The new captain of the Australian volleyball team, Kiama’s Aidan Zingel says the Volleyroos days of flying under the radar ended after a giant-killing performance at the 2012 London Olympic Games.
The comment came as he prepares to lead the Australians through the first qualifying leg of the 2014 Volleyball World Championships in Canberra today.
The Australians will carry the rare tag of favouritism into the Asian World Cup qualifying tournament where they’ll face teams from Kuwait, Kazakhstan and Thailand.
On the line is a single place in the 2014 Volleyball World Cup in Poland next year.
The host nation will certainly not be taking the Australians lightly after the Volleyroos stunned them 3-1 in one of the biggest upsets in volleyball history at the London Olympics.
‘‘Even now it’s hard to believe that we’re ranked 11 in the world,’’ Zingel said from camp in Canberra.
‘‘With what we had to do to just qualify for the Olympics and with everything that was stacked against us.
‘‘We were ranked No22 or 23 in the world and of all the teams at the Olympics we were ranked the second-lowest ahead of Great Britain. While we always had our own feeling from within the team that we could get there, looking back at it from the outside it’s still hard to believe.’’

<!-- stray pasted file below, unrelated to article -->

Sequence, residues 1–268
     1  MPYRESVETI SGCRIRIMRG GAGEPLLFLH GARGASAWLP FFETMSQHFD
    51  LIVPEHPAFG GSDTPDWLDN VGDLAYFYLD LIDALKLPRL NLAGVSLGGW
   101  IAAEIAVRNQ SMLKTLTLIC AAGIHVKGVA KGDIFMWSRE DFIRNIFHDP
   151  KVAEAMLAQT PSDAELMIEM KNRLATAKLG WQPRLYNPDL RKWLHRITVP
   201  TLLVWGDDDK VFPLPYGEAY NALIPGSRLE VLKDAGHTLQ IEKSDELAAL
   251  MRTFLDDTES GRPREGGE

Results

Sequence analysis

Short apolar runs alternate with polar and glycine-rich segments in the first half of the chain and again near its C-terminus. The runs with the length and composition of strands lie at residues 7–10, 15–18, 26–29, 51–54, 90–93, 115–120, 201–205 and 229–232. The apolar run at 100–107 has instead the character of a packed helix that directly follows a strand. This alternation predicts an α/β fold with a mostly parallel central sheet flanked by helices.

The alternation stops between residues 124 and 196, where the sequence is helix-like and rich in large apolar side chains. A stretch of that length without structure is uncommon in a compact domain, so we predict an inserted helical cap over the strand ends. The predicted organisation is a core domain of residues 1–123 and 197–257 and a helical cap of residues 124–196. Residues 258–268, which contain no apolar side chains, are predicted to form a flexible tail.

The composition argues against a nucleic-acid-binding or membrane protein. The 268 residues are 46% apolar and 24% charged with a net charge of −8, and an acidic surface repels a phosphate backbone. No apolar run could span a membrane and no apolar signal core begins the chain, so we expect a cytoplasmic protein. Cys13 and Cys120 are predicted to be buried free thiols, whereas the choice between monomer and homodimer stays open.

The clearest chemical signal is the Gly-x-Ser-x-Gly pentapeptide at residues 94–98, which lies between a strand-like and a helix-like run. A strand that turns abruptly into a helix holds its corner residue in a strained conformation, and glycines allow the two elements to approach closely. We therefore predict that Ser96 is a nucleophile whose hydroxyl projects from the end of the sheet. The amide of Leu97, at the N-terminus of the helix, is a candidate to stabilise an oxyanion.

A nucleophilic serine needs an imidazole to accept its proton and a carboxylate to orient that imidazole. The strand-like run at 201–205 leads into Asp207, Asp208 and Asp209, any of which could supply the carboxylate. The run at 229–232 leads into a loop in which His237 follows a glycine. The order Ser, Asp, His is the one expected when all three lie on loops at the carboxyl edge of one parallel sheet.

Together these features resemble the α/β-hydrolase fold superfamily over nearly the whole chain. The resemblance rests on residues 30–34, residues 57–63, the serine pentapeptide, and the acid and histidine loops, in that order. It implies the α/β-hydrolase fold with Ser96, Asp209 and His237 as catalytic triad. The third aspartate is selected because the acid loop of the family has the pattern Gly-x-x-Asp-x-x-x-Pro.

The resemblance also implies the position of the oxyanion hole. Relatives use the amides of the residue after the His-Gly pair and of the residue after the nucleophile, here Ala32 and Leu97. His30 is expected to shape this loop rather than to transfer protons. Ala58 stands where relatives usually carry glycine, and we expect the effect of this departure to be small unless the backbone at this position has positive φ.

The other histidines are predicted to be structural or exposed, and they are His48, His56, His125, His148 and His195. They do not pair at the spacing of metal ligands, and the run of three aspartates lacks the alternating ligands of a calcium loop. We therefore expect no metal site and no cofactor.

Many thought the Volleyroos would just make up the numbers at the Olympics before they put the other nations on notice with a close five-set loss to Italy. However, it was the unlikely win over Poland that really turned heads.
‘‘We were 2-0 up against Italy and ended up losing in five sets by only two points but the Poland game was amazing. They were the World League Champions, they were ranked No3 in the world so certainly in my time it was the best win we’ve ever had.’’
Zingel since assumed the leadership of the team which lost a few experienced campaigners as they seek World Cup qualification.
‘‘It (captaincy) was a bit of a shock,’’ he said.
"It's an honour I didn't really expect, but our previous captain Igor Yudin retired just prior to our tour of Brazil and we needed someone to take over."
Yudin was one of five players to leave the team post-Olympics and, though expected to win this weekend's Asian qualifying tournament, Zingel says his young side cannot afford complacency.
"While we're confident we're certainly not overly confident. Our average age across the team was 23 at the Olympics and now that's fallen to 21 so there's been significant changes in the team and some of our most experienced players have moved on."
Should the Australians progress, as expected, this weekend Zingel says his team can no longer rely the element of surprise when facing high quality rivals in Poland next year.
"Yeah that's definitely gone, but there's still a lot to happen before then and we'll still be very much the underdogs."